Monday, May 25, 2009

What a Terrific Grandson!

I think Jacob is a great kid and I love having him around. I appreciate his mom and dad for sharing him with me from time to time. When he asks, "Grandmommy is there anything you want me to do?" my happiness meter goes way up, like Maria in Sound of Music when she sang "Somewhere in my youth or childhood, I must have done something good." Jacob doesn't hesitate when asked to do a dirty job or yard work and always praises anything I happen to feed him. He is a fine conversationalist and can discuss anything, like this morning when I was telling him about our trip to Edison's summer home and he contributed with a story about Tesla and his OCD and his conflict with Edison. And any car questions? He is the authority as far as I am concerned. How nice to be a grandmother in the summer!

Saturday, May 23, 2009

Hot Air Balloon

My best picture from Freedom Weekend Aloft today.

Getting Crafty

I had an opportunity this week to participate in a basket weaving class. The instructor had already cut all of the thin strips for the market baskets and put them in kits so we just had to assemble them. It was a fun learning experience for me and now I have a pretty, though flawed, basket.

Thursday, May 21, 2009

In the US or on a tropical isle?

Here is another picture I liked because of the position of the white clouds and the blue sky behind the fronds high on the tree. Can you see the coconuts on the palm?

Flowers from Mina Edison

I think it is a bird of paradise.
Queen's Wreath and friend
A Bean FlowerGooseneck Cactus

Wednesday, May 20, 2009


How different the world would be without the genius of Thomas Alva Edison, Time's Man of the Millenium, and Henry Ford, the father of assembly line mass production and founder of the Ford Motor Company. I could have traipsed around their summer homes in Ft. Myers much longer, but I did love my brief time there. Edison saw potential in the country boy Ford, mentored him, and they became fast friends. What interesting lives! I will be checking out their biographies from the library soon. Here is a picture of Edison's summer lab. I wonder what ideas he worked on while he was there.


Orchids grew in trees on the Edison - Ford properties.

A Heron of a Different Color

I think it is a yellow crowned night heron.

Trees at the Edison and Ford Homes

These are some of the roots from what I think is a rubber tree - in the genus Ficus for sure. Edison successfully experimented with getting rubber from trees here in America.

This is an amazing specimen of a banyan tree and is the second largest one the world covering an acre on Edison's land. Even though it looks like a lot of trees, it is really only one. It was a gift from Harvey Firestone back in the twenties.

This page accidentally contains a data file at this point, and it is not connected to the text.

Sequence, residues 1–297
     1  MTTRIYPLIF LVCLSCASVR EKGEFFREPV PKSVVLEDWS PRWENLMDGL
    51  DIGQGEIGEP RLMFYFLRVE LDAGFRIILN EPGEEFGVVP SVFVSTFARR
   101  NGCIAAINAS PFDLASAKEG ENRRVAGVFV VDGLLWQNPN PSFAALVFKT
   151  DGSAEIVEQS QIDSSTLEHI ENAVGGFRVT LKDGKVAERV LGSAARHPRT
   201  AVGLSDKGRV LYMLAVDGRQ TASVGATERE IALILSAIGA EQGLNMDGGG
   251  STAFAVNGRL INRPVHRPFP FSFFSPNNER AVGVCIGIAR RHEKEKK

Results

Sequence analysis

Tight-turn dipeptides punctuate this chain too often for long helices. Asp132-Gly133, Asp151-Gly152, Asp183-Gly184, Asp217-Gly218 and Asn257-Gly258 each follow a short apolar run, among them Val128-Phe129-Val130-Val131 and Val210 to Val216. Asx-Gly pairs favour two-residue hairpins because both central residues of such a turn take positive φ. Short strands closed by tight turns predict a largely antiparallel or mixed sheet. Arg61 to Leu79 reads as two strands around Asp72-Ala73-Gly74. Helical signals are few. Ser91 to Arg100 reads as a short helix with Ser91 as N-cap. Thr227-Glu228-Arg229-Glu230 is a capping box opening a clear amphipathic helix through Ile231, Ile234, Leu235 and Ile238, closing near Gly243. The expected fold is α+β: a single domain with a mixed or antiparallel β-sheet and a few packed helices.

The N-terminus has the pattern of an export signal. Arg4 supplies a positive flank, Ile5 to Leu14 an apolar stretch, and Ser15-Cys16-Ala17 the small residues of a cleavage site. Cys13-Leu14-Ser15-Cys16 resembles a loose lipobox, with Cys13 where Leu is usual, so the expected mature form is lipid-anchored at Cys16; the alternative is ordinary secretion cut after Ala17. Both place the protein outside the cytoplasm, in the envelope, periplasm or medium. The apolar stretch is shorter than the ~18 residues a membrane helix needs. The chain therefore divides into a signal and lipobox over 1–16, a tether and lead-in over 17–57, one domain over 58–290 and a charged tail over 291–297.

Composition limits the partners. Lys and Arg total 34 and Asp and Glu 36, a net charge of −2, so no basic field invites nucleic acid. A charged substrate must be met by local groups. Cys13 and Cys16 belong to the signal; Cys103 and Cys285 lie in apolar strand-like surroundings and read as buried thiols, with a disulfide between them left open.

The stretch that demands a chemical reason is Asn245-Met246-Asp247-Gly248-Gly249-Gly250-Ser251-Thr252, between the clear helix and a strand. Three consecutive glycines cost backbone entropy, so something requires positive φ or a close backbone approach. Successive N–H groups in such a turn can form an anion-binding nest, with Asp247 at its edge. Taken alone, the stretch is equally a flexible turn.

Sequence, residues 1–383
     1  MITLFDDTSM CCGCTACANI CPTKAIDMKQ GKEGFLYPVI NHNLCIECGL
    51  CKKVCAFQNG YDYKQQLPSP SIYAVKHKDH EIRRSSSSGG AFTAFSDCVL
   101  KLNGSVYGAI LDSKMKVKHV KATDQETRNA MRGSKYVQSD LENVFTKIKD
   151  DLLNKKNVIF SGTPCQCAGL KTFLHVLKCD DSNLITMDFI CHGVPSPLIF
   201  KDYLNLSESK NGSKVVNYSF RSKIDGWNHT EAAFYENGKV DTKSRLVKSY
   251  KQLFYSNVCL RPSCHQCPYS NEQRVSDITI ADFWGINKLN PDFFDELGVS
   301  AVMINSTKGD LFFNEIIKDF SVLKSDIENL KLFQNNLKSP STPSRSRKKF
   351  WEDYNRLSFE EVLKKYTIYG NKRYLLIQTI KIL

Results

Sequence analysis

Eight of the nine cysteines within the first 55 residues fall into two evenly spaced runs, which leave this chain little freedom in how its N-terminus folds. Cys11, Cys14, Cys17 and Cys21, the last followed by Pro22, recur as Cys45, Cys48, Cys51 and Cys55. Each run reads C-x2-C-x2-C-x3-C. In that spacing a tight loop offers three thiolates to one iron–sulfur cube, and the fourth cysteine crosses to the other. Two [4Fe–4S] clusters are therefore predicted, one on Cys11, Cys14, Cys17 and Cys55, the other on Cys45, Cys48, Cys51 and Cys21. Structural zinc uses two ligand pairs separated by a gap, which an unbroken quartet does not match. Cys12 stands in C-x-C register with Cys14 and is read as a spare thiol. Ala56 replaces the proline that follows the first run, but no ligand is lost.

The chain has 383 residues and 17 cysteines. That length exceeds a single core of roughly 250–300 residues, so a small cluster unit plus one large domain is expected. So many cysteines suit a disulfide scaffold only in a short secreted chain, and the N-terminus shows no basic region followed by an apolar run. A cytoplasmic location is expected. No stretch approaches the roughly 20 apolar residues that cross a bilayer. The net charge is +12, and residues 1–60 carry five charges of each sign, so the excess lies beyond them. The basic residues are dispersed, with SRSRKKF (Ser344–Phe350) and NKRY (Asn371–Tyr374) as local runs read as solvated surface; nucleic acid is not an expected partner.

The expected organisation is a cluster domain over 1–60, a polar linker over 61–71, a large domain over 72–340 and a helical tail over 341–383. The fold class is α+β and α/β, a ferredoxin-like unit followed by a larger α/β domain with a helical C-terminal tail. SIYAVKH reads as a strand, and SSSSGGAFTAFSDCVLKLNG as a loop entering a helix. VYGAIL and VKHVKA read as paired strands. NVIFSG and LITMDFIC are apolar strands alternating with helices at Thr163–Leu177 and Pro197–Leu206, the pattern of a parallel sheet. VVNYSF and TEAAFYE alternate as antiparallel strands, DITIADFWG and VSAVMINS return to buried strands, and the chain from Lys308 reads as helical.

Tuesday, May 19, 2009


If you were Edison, this would be your back yard. 

Monday, May 18, 2009

Plants and Animals

What would a trip to Florida be without seeing a few alligators and flamingos and exotic, tropical plants. Today we went to a nearby attraction that had all that and more, including this red-eyed guy (or gal). Then we drove quite a way to the Corkscrew Swamp Sanctuary planning on taking the hike and seeing some birds and other wildlife. I should have suspected something was amiss when I saw that the colorfully blooming butterfly garden was absent of flutter, then the guy at the desk confirmed it. "You haven't heard, have you?" Apparently the swamp has dried up and all of the wading birds have flown away as well as most of the other birds. Maybe today's rain that forced us back to the hotel early will help. Here are some reptilian animals from the Everglades Wonder Garden.

And in this . . . plants on animals?

The Beautiful Tree of Sanibel

I had seen some trees here that are in bloom with rich orange-red flowers and wondered what they were. Today I was able to stop and see one up close and take some pictures. From another blog, I learned that it is a Royal Poinciana, or Flamboyant Tree, Delonix regia, and I must say it is the most gorgeous tree I have ever seen. It is related to the mimosa - similar leaves - and to the bean family - big pods on it today. Also I read that it is a native of Madagascar and is officially one of the five most beautiful trees in the world. Here is my poor attempt at conveying its beauty.

Sunday, May 17, 2009

Today's Adventures

Today's main event was taking an evening cruise aboard a catamarand that left from Captiva Island in search of dolphins in the Pine Island Sound. We did see a few but mostly I just enjoyed all the pretty scenery.

Around the marina was a manatee and her baby as well as pelicans, a great blue heron, and this great egret, larger than the ones on Lighthouse Beach yesterday and with black legs. I watched him wade around and decided he must be the giraffe of the bird world.